We don't know how much money the owner of this motel wants, but we think it's probably not a whole lot.  At least I, personally, would only want to pay for the land and whatever it costs to tear down the buildings.  Not that I have any money, since I am just a dog.  But I will say this, that the very first thing I would get rid of is the swimming pool, because I really, really hate water!

Wednesday, November 14, 2012



This is actually a German word, but it is a very useful word, and it's a shame we don't have a word in English that means the same thing.  If you are sad or upset about something, you might eat a bunch of yummy food to make yourself feel better.  Except that all the extra eating makes you gain weight, and that is called kummerspeck.  If you translate kummerspeck literally, it means "grief bacon."

Of course, if dogs get stressed, they are more likely not to eat at all.  So for that, we need a word that means "even bacon doesn't tempt me right now"!


If you are a human, your glabella is the smooth place on your forehead, above and between your eyebrows.  A lot of people may not know that they have a glabella, but they do.  I'm not sure why we need a word for this part of the body.  I think the writers of the anatomy books just dreamed up names for lots of things so that their books would be longer and cost more to buy.

The word glabella comes from the Latin glabellus, which means "hairless."


This is kind of an old word that you don't hear a lot anymore.  In the past, it seemed to be used pretty often to describe children who were naughty and disobedient.  Froward can also mean obstinate, contrary, wayward, ungovernable, or peevish.

The word started being used in Middle English between 1150 and 1200, so you can tell that there have been froward people around for a long time.


A periwig is what you call those wigs that were all the rage with men back in the 17th and 18th centuries.  Another word for a periwig is a peruke.  You have probably seen pictures of people like George Washington or J.S. Bach wearing periwigs.  A lot of times, the hair of the periwig was tied in the back, like kind of a ponytail.  But other periwigs were very long, with curly ringlets.  Periwigs were often powdered.  In the U.K., judges and barristers still wear periwigs when they are in court, which makes them look a little silly, if you ask me.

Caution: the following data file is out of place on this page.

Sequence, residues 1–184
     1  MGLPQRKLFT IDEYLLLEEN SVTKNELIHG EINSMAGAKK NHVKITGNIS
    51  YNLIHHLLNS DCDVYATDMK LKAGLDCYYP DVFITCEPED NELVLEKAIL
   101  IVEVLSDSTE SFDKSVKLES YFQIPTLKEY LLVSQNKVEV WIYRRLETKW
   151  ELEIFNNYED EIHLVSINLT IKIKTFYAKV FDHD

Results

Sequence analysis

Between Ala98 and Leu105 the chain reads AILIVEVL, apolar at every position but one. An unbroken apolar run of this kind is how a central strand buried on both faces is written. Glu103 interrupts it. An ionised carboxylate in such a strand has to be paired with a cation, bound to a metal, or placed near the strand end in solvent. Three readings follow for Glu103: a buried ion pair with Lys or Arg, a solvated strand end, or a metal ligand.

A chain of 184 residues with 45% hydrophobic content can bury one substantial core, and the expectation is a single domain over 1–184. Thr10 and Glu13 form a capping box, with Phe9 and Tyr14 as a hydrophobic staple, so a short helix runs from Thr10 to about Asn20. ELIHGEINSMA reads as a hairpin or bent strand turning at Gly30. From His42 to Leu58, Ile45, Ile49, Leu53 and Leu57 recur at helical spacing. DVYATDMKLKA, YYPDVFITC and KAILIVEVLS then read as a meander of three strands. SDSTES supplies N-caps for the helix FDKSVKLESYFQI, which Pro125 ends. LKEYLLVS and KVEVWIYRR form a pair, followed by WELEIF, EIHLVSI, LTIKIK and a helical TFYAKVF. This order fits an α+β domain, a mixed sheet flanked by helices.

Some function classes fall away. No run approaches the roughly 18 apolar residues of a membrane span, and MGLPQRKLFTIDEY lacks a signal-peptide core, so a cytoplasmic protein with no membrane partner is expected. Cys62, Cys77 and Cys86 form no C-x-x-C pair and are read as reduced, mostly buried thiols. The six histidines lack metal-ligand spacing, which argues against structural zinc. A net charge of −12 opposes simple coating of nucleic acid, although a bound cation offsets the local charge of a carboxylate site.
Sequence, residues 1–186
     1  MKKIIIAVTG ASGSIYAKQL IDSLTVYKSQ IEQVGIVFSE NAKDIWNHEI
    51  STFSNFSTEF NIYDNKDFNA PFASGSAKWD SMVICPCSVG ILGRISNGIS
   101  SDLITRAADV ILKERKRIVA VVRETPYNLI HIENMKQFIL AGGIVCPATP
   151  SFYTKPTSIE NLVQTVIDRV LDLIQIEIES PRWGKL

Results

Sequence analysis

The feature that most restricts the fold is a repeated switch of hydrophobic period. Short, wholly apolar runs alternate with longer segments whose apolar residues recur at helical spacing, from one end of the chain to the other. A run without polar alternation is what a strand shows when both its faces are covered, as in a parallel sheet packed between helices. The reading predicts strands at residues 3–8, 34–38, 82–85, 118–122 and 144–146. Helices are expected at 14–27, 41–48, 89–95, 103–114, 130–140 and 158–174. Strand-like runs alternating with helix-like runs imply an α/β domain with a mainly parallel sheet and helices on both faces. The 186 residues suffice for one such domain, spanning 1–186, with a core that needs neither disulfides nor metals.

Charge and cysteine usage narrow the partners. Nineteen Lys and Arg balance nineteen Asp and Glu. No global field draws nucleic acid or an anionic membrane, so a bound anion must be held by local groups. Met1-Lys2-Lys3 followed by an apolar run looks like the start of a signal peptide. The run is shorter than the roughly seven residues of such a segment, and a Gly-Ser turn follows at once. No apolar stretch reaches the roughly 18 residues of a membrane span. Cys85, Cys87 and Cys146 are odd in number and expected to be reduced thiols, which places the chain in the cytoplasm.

The word periwig was originally perwyke, which was an altered version of the Old French perruque.


Those of you who have lived on a farm probably know this word already, but I am just a city dog, so it was a new word for me.  A coulter is a blade or a wheel that is attached to the beam of a plow so that it makes vertical cuts in front of the plowshare.  Sometimes it is spelled colter, especially in the U.S.

The word comes from the Old English culter and Old French coltre, which are both from the Latin word culter, meaning "knife" or "plowshare."


A tiffin is a light meal that is eaten between breakfast and dinner.  So in other words, it is a light lunch.  You can also use this word as a verb, as in "I'd like to tiffin now, but Mom says I can't because I only just finished breakfast!"